(Not So) Quick Hits

  • Brown patch is raging on tall fescue lawns, including our tall fescue (and creeping bentgrass) plots at the turf farm.  During the hot spells, this may be mixed in with a bit of Pythium, particularly in shaded areas or those that are watered during the heat of the day.  I see watering at 2 pm on commercial and residential lawns around town and it drives me crazy.  One of the easiest things you can do to limit both of these diseases is to water early in the morning, and keep the leaf blade dry during the middle of the day.  I also heard the suggestion earlier this week that the turf can be simply “fertilized out” of these two diseases.  NO! NO! NO!  This will only increase the severity and spread of these two diseases and ensure the demise of your lawn.  No fertilizer on cool-season grass over a ¼ inch tall until September please.

Pythium root and crown rot outbreaks in Missouri
  • Pythium root rot has been the story on golf putting greens so far this summer.  The impending fear among superintendents is Pythium foliar blight, which in fact is very rare on bentgrass putting greens, but can be present on higher cut turf such as collars or fairways.  With the lack of rain over the last few weeks, one would think that it would’ve slacked off somewhat, but greens with clogged drainage lines, or that may have been overwatered to compensate for the heat, have had severe infections.  As I noted last time, this is a significant hole in most programs because fungicides targeted for this disease are not broad spectrum (don’t cover other pathogens), and most fungicides are not watered-in.  A preventive, watered-in application of Banol, Subdue, or Segway may be necessary on wet or heavily shaded greens before this next stress period.  If you have the problem diagnosed, a watered-in application of Koban or Terrazole are the most effective knock-down products.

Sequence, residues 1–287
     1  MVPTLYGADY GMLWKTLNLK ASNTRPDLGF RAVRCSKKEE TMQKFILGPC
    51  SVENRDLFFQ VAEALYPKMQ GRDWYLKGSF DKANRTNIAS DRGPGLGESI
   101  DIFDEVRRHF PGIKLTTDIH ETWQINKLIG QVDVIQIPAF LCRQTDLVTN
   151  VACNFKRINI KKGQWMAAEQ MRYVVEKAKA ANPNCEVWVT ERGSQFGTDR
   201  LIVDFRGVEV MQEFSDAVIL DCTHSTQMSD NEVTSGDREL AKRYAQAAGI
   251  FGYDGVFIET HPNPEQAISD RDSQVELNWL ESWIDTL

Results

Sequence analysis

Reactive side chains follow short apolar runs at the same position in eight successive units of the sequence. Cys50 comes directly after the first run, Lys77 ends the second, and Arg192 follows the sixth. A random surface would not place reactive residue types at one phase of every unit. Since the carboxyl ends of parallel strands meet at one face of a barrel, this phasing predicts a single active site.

• Where fairy ring is apparent now, it has become severe.  Hopefully for many superintendents, the preventive DMI applications are working.  If fairy ring is occurring now, it is necessary to switch fungicide application strategies quite a bit to treat the disease curatively and encourage symptom recovery. If you are in the Type I killing ring phase, treat it like an extremely severe localized dry spot with a fungal pathogen kicker.  Aerify the area and punch through the layer.  Apply Heritage, Insignia, or ProStar with a wetting agent and thoroughly water the application in.

  • Summer patch is making an impact on Kentucky bluegrass lawns and golf surrounds.  I also observed the pathogen infecting a creeping bentgrass green from Arkansas earlier this week.  Summer patch will be covered detail next week

Copper Spot

Copper spot on creeping bentgrass

Copper spot was observed last week at the Mizzou Turf Research Farm.  This disease is not a biggie as far as actual turf damage is concerned, and often is seen on bentgrass putting greens in combination with dollar spot.  It is, however, one of the favorites of this turf pathologist because of the long, wispy needle-like septated conidia the pathogen (Gloeocercospora sorghi) produces. 

Epidemiology and management of this disease is nearly identical to that of dollar spot.  In the northeastern U.S., the disease is especially prevalent on Agrostis canina (velvet bentgrass), but on creeping bentgrass where dollar spot is being controlled it is seldom a problem.       

Hope to see you at Field Day.

Lee Miller
Extension Turfgrass Pathologist
University of Missouri